In today's Christian Science Monitor, Brahma Chellenay, professor of strategic studies at the privately funded Center for Policy Research in New Delhi, argues that the fight against Islamic terrorism can't be won without first restoring democracy to Pakistan.
"The fight against international terrorism cannot be won without demilitarizing and deradicalizing Pakistan. That's what makes Pakistani President Pervez Musharraf's latest move so worrisome.
"Now, without drawing international attention, Musharraf has unveiled a plan that will make Pakistan's greatly awaited elections a farce. Under this plan, the outgoing parliament and four provincial legislatures would "elect" him to a new five-year term as president in the fall, before he oversees national polls a few months later. Five years ago, Musharraf orchestrated another charade – a referendum – to extend his self-declared presidency.
"Musharraf's maneuver is the latest in a long series of broken promises to return his country to democracy. And it does not bode well for Pakistan's central challenge: moving away from militarism, extremism, and fundamentalism, and toward a stable, moderate state.
"Musharraf's sinking popularity has spurred speculation that he might declare a state of emergency to smother vocal opposition. But the more power he usurps, the more dependent he becomes on his military and intelligence. That limits his ability to sever their cozy ties with extremist and terrorist elements.
"A dictatorship that is part of the problem has ingeniously presented itself to the outside world as part of the solution. The scourge of Pakistani terrorism ema- nates not so much from the Islamist mullahs as from generals who reared the forces of jihad and fathered the Taliban and Al Qaeda-linked groups such as the Lashkar-i-Tayyaba. Yet by passing the blame for their disastrous jihad policy to their mullah puppets, Musharraf and his fellow generals have made many outsiders believe that the key is to contain the religious fringe, not the puppeteers.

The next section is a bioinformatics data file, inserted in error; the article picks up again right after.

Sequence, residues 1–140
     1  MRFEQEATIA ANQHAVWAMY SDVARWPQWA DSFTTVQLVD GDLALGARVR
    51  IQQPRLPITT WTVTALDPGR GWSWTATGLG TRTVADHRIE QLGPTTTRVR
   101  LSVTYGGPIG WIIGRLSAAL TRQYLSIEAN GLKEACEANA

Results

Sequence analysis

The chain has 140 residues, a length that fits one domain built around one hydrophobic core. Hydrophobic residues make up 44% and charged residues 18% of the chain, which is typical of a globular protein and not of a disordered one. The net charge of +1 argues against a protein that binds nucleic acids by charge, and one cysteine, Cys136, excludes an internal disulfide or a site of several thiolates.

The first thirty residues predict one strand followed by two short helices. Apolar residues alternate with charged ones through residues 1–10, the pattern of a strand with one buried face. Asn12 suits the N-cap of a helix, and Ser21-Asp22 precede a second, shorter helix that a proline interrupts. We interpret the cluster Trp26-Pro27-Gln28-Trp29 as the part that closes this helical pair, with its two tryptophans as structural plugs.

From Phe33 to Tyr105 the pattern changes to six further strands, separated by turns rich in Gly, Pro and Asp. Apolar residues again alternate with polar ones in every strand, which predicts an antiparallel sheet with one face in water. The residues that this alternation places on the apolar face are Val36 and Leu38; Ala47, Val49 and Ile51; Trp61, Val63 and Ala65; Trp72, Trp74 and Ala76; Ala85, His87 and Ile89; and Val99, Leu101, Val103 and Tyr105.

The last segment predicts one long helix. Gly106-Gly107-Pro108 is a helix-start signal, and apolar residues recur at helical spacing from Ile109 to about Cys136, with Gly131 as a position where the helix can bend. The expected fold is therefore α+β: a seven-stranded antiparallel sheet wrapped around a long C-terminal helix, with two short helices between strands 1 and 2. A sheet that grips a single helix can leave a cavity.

"Musharraf perpetuates the self-serving myth that his rule helps prevent an Islamist takeover. But military rule would persist in the event of his sudden death.
"Until the military's viselike grip on power is broken and the rogue Inter-Services Intelligence agency is cut to size, Pakistan is likely to remain a common thread in the investigations of most acts of international terrorism.
"In the absence of open elections, military rule has created a pressure-cooker society. What Pakistan needs is a safety valve – true democratic participation that would empower the masses and decide issues at the ballot box.
"Jihad culture is now deeply woven into Pakistan's national fabric. Unraveling it won't be easy. But it is essential. Heavy-handed rule from Musharraf – or any other general – won't eliminate Pakistan's extremist elements. The development of a robust civil society – though painful in the short term – will aid democracy, marginalize radicals, and bring Pakistan back from the brink.
"Some may think that Musharraf's scheme to stay enthroned is a necessary evil in the service of a greater good. That's half right: It is evil, but it's not necessary. The West needs to exert pressure on him to show real courage – and to bring real reform – by holding himself accountable to voters and making coming elections an honest affair."